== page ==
Bulgaria, Greece, and Norway: As far as we are aware there have been no information campaigns by local authorities other than in the digital space. UK nationals can find information available in English on the websites of the respective authorities. The relevant websites of Norway and Greece provide comprehensive information, although they can be somewhat confusing, while the relevant website of the Bulgarian authorities is rather basic and brief. We are aware of joint efforts by the respective Embassies and local authorities aimed at the dissemination of leaflets and brochures in migration offices or other public authorities. However, as far as we are aware, these have not been implemented yet. Greek authorities held a joint Q&A session with the Embassy in Athens on 4 June 2021 which was live-streamed on Facebook. Greece has also undertaken to disseminate short videos on TV and the social media of public authorities.
EU residence documents as proof of move to EEA/EU Member State prior to the end of the transition period
Bulgaria, Greece, and Norway: In general, EU residence documents are accepted as proof of move to the respective country by 31 December 2021. However, in Greece there have been instances where local authorities have inappropriately requested extra documents. In addition, in Bulgaria where an EU residence document expired before the UK national was able to apply for its renewal under the Withdrawal Agreement, in our experience, the local authorities have tended to turn away the applicant rather than register the application for renewal as an application for a new residence permit under the Withdrawal Agreement. We are still working on these cases.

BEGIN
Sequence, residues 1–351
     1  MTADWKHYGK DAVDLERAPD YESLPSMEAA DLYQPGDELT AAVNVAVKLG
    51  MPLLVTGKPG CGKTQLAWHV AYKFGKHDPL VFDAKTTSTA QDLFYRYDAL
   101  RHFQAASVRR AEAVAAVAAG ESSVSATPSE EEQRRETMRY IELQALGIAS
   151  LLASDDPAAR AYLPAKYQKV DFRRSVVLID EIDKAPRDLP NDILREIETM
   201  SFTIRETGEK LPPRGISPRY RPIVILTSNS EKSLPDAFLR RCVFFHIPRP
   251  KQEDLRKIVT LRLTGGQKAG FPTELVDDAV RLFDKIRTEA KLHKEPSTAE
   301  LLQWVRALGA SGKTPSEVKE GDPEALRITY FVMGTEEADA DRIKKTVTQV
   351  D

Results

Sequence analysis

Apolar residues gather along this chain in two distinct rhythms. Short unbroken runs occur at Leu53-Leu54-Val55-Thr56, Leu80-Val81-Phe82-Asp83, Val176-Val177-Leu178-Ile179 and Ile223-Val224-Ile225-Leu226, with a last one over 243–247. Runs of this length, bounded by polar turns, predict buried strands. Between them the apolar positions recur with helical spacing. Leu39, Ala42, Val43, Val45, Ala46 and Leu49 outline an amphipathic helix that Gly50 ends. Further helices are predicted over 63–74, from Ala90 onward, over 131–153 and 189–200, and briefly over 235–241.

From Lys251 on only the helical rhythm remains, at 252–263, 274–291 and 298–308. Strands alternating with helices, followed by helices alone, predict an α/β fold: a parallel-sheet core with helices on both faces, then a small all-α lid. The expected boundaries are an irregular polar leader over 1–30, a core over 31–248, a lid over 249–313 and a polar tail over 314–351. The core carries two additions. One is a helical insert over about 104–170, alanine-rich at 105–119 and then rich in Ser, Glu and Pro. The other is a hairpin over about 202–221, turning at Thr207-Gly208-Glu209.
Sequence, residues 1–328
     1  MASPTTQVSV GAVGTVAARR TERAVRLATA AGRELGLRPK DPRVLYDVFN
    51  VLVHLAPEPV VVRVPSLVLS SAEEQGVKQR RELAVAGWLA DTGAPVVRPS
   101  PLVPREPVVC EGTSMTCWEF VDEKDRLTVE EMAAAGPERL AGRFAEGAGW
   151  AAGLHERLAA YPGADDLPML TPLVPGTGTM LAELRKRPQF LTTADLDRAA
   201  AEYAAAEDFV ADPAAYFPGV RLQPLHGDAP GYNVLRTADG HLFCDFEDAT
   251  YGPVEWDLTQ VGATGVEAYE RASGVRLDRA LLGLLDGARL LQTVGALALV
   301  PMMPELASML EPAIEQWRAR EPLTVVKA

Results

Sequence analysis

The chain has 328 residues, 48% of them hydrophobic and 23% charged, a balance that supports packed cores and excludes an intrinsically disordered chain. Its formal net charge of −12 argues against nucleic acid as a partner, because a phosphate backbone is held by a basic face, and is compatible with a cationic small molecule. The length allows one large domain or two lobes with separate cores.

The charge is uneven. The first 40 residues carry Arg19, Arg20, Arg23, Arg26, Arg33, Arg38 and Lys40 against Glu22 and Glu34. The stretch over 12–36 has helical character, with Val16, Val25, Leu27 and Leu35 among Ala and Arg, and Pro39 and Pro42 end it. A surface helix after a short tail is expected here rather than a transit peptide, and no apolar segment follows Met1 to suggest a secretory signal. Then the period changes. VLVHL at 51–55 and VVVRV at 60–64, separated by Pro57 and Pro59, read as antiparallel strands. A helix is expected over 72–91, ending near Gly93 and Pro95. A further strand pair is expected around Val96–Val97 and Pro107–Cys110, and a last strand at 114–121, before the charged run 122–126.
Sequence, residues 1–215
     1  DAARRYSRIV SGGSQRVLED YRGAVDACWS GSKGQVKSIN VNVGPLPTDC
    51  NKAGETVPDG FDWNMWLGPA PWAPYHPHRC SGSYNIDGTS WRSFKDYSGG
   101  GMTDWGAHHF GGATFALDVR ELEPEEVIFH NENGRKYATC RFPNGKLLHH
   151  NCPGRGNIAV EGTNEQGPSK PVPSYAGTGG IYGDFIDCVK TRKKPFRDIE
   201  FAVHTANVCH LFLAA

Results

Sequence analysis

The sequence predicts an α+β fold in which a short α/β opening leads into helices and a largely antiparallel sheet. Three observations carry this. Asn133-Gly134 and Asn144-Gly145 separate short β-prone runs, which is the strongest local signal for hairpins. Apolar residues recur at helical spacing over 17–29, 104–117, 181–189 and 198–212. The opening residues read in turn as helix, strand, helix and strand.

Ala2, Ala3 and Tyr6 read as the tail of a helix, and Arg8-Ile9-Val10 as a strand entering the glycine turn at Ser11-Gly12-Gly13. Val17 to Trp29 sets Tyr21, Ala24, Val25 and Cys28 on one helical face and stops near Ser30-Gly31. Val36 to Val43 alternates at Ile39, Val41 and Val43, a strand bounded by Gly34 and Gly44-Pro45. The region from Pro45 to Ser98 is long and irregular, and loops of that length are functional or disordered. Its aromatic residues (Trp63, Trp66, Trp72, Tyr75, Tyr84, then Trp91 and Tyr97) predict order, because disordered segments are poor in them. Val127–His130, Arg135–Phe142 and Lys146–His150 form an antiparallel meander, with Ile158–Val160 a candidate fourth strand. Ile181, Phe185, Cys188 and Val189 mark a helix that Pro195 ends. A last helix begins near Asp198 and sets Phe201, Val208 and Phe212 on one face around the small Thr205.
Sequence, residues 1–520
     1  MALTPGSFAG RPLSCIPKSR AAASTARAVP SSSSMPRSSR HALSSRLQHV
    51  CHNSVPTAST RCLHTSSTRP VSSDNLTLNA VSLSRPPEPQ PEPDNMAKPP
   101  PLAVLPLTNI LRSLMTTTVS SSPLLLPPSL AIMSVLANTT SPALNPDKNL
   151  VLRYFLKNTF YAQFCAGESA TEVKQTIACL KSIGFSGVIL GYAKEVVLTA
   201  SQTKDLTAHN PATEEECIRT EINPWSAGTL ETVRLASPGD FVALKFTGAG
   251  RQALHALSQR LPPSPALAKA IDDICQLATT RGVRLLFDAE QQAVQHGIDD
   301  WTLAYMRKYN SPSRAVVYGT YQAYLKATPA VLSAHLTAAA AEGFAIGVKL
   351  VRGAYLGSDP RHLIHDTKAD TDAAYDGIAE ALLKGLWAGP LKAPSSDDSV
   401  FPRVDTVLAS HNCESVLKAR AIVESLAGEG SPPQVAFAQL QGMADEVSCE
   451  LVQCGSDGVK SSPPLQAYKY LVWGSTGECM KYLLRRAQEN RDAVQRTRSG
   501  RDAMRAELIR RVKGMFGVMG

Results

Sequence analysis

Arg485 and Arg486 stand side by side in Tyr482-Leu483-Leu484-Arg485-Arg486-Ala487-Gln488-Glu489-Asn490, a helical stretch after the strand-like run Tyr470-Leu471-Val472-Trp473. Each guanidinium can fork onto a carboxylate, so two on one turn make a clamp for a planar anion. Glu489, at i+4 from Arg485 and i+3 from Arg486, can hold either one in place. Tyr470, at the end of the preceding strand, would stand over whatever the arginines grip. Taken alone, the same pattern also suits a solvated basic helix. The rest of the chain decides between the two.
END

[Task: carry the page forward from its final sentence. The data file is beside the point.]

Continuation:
Impact of Covid-19 on citizens’ rights and registration procedures